The Effective Executive


This book, written by Peter F. Drucker, concludes with the statement that “effectiveness must be learned” and that the executive’s job is primarily to be effective. While you might initially focus on the word Executive and dismiss the content as relevant only to those esteemed persons who sit on the board of directors, Mr. Drucker drives home the relevance on page 5.

Every knowledge worker in modern organization is an “executive” if, by virtue of his position or knowledge, he is responsible for a contribution that materially affects the capacity of the organization to perform and obtain results.

While Mr. Drucker asserts that this work is not a textbook because “effectiveness, while capable of being learned, surely cannot be taught. Effectiveness is, after all, not a ‘subject’, but a self-discipline.” I would argue that he has done an effective job of teaching it.

Mr. Drucker rests his pillars on a foundation of five practices:

  1. Time Management
  2. Contribution of Effort
  3. Making Strengths Productive
  4. Prioritization
  5. Effective Decisions

Of these five practices, ACES actively recruits and develops individuals with good Time Management skills, an understanding of Priorities and a willingness to make decisions under pressure. It isn’t difficult to see how the other two practices can be leveraged in any one in our organization.

One of the most unique element of this book is its forthright practicality. Mr. Drucker is not content to merely dabble in the realm of the theoretical but drives hard into applicable disciplines that can make in impact today. While I have read any number of books that proposed to cover the same topic, I can not think of one that I walked away from so convicted to change specific aspects of my work day.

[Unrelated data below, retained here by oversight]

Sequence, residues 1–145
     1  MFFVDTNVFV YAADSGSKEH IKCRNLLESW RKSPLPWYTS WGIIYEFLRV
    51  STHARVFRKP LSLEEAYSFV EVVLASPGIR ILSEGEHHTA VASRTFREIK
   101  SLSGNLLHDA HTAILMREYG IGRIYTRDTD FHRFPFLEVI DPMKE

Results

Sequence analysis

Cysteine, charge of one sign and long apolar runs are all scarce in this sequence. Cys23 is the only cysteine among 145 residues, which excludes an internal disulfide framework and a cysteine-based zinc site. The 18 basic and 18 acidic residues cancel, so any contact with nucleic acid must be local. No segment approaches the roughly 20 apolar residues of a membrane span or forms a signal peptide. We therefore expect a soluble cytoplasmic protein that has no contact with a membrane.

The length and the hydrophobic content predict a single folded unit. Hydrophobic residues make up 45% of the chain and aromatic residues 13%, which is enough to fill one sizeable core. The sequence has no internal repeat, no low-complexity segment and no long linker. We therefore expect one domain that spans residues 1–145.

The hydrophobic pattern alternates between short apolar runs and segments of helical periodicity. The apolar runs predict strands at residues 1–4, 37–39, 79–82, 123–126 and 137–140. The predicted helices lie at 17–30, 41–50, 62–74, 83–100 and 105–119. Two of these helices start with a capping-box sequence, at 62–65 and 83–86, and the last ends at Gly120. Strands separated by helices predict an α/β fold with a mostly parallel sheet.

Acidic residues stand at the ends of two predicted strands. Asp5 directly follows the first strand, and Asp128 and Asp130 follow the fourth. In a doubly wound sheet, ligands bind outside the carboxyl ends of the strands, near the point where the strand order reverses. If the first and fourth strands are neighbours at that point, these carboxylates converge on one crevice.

I was also struck by Mr. Druckers reference to, and description of, knowledge workers. If he didn’t coin the phrase he certainly defines it by breathing a life into the two words that anyone in the space will immediately recognize as fact. By defining the knowledge worker, a.k.a. the executive, so well he clearly demonstrates what the individual can focus on in order to improve their effectiveness.

I highly recommend this book, and if you can stand my dog eared and highlighted paperback I would be more than willing to loan out my copy.

ISBN #: 978-0-06-083345-9 
Recommended?: Yes

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